Do sharper sounds or bass damage speakers?

Discussion in 'Beginners, General Questions' started by JasonRabb, Jun 28, 2005.

  1. JasonRabb

    JasonRabb Extra

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    I was wondering if loud sounds damage speakers, i.e. bass from The Haunting or other movies that go from quiet to sharp explosions etc.

    I figured that well made speakers like B&W for instance (7's in my case), can handle sounds that even the human ear can't detect. I mean, good speakers seem to be finely tuned instruments of sound, is it possible to damage them from watching movies at elevated, but not extreme levels?

    Thanks...I want to enjoy listening to my theater but I don't want to worry about it every second, or jump for the remote. Your thoughts and advice are appreciated...

    :b

    -Jay
     
  2. Bob McElfresh

    Bob McElfresh Producer

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    Sudden sharp/low-frequency sounds can damage the woofer. But not many things create that type of sound so it's not a problem. (Note: some older amps create a sudden thud in the speakers at power-on which is rumored to cause damage. Most modern electronics bring power up over a few seconds when you hit the switch to prevent this.)

    Lots of minutes of low-frequency sounds (like the Lobby shoot-out scene of The Matrix) can over-heat your electronics, but I have not heard it is damaging to the speaker.

    I think the rule of thumb is that too-little power for the volume you are trying to listen to can cause damage. If the sounds become strained/distorted - you need to back the volume control down. But short of that - your ears will become damaged before your speakers.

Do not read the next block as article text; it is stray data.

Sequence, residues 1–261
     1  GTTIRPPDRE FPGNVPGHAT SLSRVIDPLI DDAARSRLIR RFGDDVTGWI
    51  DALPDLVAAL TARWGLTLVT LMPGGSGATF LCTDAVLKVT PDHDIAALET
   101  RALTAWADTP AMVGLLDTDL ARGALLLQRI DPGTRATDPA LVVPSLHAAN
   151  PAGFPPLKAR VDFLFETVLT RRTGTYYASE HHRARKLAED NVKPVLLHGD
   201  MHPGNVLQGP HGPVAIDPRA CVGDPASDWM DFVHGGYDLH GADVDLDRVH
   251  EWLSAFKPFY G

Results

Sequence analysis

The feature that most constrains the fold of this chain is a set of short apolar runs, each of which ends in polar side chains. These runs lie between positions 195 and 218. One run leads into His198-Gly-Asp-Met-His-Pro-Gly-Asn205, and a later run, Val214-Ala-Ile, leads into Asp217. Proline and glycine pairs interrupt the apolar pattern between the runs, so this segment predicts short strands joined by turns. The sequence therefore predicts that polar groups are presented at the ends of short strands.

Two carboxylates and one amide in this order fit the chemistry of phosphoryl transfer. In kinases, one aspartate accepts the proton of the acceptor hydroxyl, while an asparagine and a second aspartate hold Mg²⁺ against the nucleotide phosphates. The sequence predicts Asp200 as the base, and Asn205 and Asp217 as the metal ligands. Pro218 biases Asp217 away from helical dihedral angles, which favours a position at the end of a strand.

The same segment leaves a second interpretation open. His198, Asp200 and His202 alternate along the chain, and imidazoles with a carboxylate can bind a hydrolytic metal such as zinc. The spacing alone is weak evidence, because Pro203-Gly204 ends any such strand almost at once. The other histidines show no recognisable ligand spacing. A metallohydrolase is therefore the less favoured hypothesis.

Hope this helps.
     
  3. JasonRabb

    JasonRabb Extra

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    Ah thanks. Now I can listen without worry. : ) (Not that I listen at concert volumes anyway, but its good to know the fact!)


    Thanks!

    -Jason
     
  4. Allan Jayne

    Allan Jayne Cinematographer

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    If the sonic content is unusually rich in higher frequencies, the tweeter can blow long before the speaker's rated power overall is delivered from the amplifier and long before output circuit fuses blow. The tweeter is simply not rated for the same number of watts (perhaps a hundred) that the woofer might be rated for.

    Overdriving the amplifier to clipping produces, and a few programs of synthesized electronic music possess, large quantities of higher frequencies. For this reason an amplifier with "too little power" can damage your speakers. Not turning up the volume so much will provent speaker burnout.

    The cannon passages in 1812 Overture are some of the things that will blow woofers when the volume is quite high.

    Video hints:
    http://members.aol.com/ajaynejr/video.htm
     

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